Monday, February 13, 2012

Ah, To Be a Surfer Dude

It is halftime at the Syracuse-Louisville game with SU down by two. Both girls are up in their beds. The one with strep is likely already asleep. The healthy one is planning to read for another half hour. My wife is out at the PTO meeting and likely going for a drink with her friends afterward. I sit alone in the den with music paying, a cat on the couch asleep, a dog on the floor asleep, the television muted, and enough time to write for a few.

These have traditionally been times of struggle for me. Time alone. I always thought that I wanted time alone, that I wasn't getting enough of it and that maybe I couldn't get enough of it, but when I did get some I found myself at loose ends. Worse than that, I found myself anxious and lost. It was as if there were too many options and the pressure on me was too great. I still get that way from time to time, but not tonight.

Today has been a day of accepting things. First, last night we learned that our youngest daughter had a fever and that we would be keeping her home today. I knew that my wife couldn't take the day off from work and that I could. I wrote lesson plans (much more challenging to write plans for someone else than for myself) and got things together. It wasn't any big deal, just something to do.

And today, I woke early enough to go over to school, make copies, fix up the classroom the way it needed to be, and then come back home. I stayed with the girl as she rested on the couch, read her book, watched things on the computer. I stayed in the room with her because it just felt like the place to be. I wasn't analyzing anything, wasn't wishing, wasn't trying to be anything. I was just there in the moments. And because of that it was joyous. There's no other word for it. I loved being home with my girl today. And I think she loved it too.

Now, with everyone either up in bed or out on the town, I'm happy to be spending time by myself, watching the game, writing this essay, not worrying about what is next, what tomorrow will bring, what I could be accomplishing tonight. Even writing this, I have a sense that I'm not writing tight prose, that I'm going a little off my tracks, but I also know that it's just a matter of writing, continuing to punch the keys, and then coming back to it after I finish. There's no reason to get too worried.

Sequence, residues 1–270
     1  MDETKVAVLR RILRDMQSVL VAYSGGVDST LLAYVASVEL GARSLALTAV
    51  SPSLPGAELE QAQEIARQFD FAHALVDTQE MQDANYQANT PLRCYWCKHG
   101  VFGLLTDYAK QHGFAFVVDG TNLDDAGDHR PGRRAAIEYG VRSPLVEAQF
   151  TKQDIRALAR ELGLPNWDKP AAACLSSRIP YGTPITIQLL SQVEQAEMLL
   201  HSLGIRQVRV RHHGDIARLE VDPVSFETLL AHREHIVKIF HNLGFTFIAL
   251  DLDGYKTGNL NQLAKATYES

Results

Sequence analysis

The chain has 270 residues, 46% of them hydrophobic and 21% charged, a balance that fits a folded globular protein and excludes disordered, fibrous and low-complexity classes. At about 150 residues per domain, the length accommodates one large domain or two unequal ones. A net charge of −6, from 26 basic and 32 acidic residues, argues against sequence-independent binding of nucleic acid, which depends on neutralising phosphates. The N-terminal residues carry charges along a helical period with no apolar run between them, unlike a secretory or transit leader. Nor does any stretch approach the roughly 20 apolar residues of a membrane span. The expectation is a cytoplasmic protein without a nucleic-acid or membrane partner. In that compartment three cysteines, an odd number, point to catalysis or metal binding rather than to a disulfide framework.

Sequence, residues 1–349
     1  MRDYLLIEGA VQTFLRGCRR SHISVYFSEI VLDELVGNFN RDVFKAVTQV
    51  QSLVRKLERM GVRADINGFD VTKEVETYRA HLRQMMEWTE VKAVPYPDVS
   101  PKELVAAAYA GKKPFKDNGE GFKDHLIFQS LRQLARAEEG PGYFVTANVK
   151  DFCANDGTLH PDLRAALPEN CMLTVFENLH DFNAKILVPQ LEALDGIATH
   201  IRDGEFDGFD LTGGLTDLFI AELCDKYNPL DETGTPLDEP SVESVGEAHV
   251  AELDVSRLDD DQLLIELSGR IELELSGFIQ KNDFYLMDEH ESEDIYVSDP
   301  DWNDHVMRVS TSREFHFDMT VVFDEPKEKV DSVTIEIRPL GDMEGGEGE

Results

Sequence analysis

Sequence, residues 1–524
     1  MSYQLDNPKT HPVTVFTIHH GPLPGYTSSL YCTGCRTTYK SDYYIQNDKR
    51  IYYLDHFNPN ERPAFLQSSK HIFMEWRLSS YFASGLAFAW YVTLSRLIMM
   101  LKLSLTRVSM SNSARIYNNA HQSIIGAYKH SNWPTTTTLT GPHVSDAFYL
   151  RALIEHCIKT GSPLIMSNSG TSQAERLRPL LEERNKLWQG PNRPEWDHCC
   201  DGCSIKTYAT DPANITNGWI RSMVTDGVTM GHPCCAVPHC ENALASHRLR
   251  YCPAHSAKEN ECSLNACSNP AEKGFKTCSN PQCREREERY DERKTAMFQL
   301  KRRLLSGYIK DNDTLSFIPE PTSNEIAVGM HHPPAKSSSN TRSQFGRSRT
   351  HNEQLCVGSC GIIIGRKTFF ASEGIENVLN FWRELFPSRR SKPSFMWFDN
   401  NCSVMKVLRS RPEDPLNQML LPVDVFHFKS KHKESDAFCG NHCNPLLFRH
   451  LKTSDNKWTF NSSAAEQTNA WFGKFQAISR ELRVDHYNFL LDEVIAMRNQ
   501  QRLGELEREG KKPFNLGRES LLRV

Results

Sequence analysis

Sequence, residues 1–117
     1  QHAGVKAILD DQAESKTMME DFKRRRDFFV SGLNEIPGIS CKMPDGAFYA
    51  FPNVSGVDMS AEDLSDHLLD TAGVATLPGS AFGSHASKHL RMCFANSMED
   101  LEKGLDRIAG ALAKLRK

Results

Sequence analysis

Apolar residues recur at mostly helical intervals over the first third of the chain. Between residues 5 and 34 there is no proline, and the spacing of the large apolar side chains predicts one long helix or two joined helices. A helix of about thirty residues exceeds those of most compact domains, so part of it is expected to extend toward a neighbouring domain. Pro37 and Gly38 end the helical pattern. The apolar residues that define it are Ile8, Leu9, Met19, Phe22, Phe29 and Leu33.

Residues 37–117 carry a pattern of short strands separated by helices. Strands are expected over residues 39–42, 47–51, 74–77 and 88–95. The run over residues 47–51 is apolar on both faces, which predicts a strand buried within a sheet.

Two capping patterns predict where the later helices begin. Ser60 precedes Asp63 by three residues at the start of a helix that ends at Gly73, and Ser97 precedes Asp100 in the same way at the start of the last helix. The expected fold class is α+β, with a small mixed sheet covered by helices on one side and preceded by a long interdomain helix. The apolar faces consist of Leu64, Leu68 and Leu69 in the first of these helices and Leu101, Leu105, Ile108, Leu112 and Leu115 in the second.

I sound like a surfer dude, I suppose. I'd rather sound like a Tibetan monk, but I take what I can get. You know, dude? Besides, there are worse things to aspire to than being a surfer dude or maybe Zonker from Doonesbury. The calm is a good start. The dedication to being in the moment, that's the real skill. I suppose that surfers have to cultivate the skill of accepting what is thrown at them. It's not like football, basketball, or tennis, where the groundskeepers and maintenance people can set the field or court just so. In the ocean, you have to wait for the wave. You can't manufacture one. And when the wave comes, you have to be there. You have to be ready for it and set to act.

My day wasn't as cool as all that, but the comparison seems to me to still be right. I was in the water, I was feeling the movements, and each time a good wave came by, I was already on it as it rose. It's just that my waves were moments of talking to and playing with my eight-year-old daughter. Pretty much the same, right? Sure.

I'll end this piece with something I'm struggling to accept. The big news right now is about the Obama administration and the Catholic bishops fighting over contraception. I looked into it and found out that according to the faith my parents tried to raise me in, I have sinned by getting a vasectomy. Here I thought I was acting responsibly, but a bunch of guys want to tell me that I have sinned against God. This is yet another reason why I don't practice Catholicism or any religion any more.

I want to rail against this whole thing. I want to scream from the rooftops about the insanity of it. But more than those things, I want to learn how to accept and be calm through these passing storm. I suppose I'll get there eventually. Until then, I'll just wait in the water for the next wave, keep my fingers tapping, and write on.